We have an echo of this in Psalm 1 we prayed today. Of such righteous people the psalmist sings, “They are like trees planted by streams of water, bearing fruit in due season, with leaves that do not wither.” Living this code —not unlike a rule of life—makes us like those trees, and through these teachings we can draw up that water and bear fruit, un-withering. The living water of Jesus’ answer is drawn up, first from Deuteronomy; You shall love the Lord entirely, and then from Leviticus; you shall love your neighbor as yourself.

What does Matthew’s gospel perspective bring to this stew? He adds something that Mark’s version of this doesn’t have. In Mark, Jesus says ‘here’s the first greatest commandment, and the second is this…’ In Matthew, Jesus says, “And the second [commandment] is like unto it.” Such a small thing, and yet a dramatic teaching and magnification. With this addition Jesus specifically says that the command to love one’s neighbor is the same as, or of equal rank or importance, as the commandment to love God. I think this is especially important to us because it undergirds our experience; that one cannot be a Christian all alone. The old monastic saying is, “Whose feet would the hermit wash?” We cannot love God without encountering how God dwells in each other. We cannot love each other—without each other. I know that sounds obvious and yet so much around us makes an idol of individualism, of self-certainty to the point of excluding those we disagree with, or feeling superior to or distinct from those less like ourselves. A soup with one ingredient, no matter how great that ingredient is, cannot nourish anyone.

How do we do it? How do we love each other in an increasingly violent polarized world? God has the real antidote, and delivers it through us. The biblical meaning of love is quite different from how we understand it. In Jesus’ day people understood love to mean less how you felt and more about what you do. Love is more action than feeling. This is ‘agape’ love, unlike brotherly love, philia, and romantic or passionate love, Eros. We hear one word for all and they blur a bit, loving is more intense than liking, we love a hobby or a movie and feel happy, we love someone close to us and feel deep connection or completeness. These are internal feelings about external things, a response to what is outside of us. It can often be passive or unreciprocated – the movie doesn’t ‘love us’ back.

The love commanded in Leviticus and Deuteronomy and by Jesus is the love of Yahweh; a faithful person’s chosen active response to God’s love. Never passive, because God’s love is also active. To love God with all one’s heart, and soul, and mind, is to respond to God, choose God, even as God loves us. There is choice and action involved, and less so our expecting to feel a particular emotion. True, agape love might at times come to be coupled with such feelings, but that’s not what we’re asked to do — such loving is a choice, not a feeling. One cannot make oneself have directed feelings. It is more rightly thought of as loving-kindness.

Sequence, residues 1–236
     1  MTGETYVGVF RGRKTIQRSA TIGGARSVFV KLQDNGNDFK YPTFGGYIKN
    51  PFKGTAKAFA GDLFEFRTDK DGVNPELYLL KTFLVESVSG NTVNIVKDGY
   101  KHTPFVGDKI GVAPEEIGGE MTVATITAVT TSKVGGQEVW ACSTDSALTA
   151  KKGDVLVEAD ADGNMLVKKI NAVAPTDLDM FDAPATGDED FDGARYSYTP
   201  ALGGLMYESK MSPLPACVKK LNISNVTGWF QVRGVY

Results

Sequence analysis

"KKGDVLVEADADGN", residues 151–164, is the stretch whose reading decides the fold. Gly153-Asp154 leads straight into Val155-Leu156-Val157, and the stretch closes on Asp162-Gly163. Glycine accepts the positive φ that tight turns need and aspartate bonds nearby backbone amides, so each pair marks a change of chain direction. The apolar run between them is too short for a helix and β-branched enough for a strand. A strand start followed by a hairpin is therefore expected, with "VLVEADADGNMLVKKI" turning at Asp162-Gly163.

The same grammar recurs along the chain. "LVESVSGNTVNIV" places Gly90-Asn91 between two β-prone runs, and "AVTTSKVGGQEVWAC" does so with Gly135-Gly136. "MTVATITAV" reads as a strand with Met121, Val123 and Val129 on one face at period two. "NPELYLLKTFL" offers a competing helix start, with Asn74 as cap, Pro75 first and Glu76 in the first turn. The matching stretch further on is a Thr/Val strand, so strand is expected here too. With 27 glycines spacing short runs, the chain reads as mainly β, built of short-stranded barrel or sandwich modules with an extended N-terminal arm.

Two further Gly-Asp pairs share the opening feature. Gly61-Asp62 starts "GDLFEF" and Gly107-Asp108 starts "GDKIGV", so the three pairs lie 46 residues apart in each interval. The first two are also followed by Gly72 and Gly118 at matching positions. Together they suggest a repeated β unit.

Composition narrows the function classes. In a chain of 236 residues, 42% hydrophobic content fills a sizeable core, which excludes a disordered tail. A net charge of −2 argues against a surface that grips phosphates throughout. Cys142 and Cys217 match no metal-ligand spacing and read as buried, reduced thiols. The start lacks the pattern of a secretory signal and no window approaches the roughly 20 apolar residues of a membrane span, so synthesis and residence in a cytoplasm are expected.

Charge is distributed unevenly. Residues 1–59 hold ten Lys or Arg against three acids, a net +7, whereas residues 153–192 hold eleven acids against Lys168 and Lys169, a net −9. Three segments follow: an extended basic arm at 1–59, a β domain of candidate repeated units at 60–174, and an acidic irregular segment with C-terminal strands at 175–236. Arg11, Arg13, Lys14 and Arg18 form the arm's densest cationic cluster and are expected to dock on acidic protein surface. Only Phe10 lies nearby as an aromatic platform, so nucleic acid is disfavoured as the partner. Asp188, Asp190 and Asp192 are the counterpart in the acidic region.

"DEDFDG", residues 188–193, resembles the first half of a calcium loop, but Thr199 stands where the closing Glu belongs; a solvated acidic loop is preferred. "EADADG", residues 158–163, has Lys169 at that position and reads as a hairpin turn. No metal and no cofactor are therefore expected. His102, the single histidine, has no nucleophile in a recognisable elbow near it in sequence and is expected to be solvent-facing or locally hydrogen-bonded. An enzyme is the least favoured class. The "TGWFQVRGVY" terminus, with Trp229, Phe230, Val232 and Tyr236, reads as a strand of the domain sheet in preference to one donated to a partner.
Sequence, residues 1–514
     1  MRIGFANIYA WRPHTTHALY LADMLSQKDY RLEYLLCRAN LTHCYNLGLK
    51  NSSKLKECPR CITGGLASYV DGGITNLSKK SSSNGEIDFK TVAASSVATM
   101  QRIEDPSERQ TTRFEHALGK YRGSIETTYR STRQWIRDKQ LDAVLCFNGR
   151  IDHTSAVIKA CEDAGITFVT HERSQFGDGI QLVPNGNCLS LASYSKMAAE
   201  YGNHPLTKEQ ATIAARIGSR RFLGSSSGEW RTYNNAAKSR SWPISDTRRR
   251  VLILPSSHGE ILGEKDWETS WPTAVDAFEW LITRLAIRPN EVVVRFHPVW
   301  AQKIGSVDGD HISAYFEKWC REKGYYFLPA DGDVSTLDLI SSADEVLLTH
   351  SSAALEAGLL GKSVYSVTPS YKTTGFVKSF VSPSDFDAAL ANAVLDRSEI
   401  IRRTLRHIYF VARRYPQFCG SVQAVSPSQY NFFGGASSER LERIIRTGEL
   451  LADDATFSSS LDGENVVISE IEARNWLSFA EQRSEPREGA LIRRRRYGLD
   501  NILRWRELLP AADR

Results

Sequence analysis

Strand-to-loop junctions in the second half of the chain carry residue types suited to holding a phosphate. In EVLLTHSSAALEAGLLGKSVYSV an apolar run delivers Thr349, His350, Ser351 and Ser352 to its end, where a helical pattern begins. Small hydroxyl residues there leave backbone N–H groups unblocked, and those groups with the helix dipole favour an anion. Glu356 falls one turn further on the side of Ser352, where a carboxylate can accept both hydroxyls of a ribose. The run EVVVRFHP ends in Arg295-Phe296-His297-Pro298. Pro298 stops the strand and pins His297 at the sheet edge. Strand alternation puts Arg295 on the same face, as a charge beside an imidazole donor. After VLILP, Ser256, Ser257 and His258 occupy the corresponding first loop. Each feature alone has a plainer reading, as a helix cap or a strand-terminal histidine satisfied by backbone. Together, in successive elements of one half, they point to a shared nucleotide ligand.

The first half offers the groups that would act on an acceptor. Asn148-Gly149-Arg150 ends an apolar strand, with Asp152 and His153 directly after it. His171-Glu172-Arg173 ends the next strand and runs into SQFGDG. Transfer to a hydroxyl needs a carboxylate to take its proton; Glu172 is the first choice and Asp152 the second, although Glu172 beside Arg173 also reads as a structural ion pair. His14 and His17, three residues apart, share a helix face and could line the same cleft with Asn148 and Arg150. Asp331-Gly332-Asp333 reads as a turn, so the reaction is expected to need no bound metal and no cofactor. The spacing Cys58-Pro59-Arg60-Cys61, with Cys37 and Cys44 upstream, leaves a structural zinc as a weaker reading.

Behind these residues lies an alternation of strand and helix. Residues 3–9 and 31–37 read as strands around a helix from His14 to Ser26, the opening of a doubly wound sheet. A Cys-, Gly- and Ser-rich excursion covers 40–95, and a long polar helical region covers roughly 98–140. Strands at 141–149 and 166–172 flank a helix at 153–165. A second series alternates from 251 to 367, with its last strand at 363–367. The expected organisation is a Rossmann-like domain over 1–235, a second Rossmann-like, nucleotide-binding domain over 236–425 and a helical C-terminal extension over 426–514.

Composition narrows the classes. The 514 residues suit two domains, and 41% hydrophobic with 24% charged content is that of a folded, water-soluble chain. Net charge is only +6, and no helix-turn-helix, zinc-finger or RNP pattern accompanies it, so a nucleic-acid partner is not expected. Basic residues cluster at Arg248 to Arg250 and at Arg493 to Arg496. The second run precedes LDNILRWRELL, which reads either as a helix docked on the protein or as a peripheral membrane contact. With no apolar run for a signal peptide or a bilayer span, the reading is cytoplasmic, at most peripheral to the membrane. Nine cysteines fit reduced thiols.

A man once confessed that he felt like a fraud saying the prayers about loving God, because he didn’t feel that emotion type love. God was too mysterious, great, even remote in some ways to him. He said he couldn’t reach out and touch or embrace God, no way to look the Spirit in the eyes, no way to make the images of Jesus breathe or hear his voice. He didn’t feel it for tyrants or mean-spirited people. He was not a fraud, and engaging the questions made him more faithful than he could see.

Biblical love is active loving-kindness; showing mercy, being forgiving, generous, open, tending to those in need. To show this loving kindness to strangers, is to try to treat them as those we already love with our feelings, even if they talk or dress or smell or vote in ways we dislike or frustrate us with thoughtlessness, or wield authority wrongly. Even voting can be part of that action. This agape isn’t necessarily coming in a tearful flood of love-laden emotion, it is a conscious choice we act on, a choice to be actively gracious, kind, merciful.

These two commandments are so closely tied as to be ‘like’ and equal in importance, because when we love the people of God all around us, we are loving God. Every time. And yes, sometimes we will experience the emotion of it stirring deep within us, as a response to God’s active love. Think of your pot of stew having now simmered long enough. Now ladle it out from Christ’s table within, to feed and feast with those around you in loving kindness. Amen.

© 2020 The Rev. Katherine Sedwick. All rights reserved.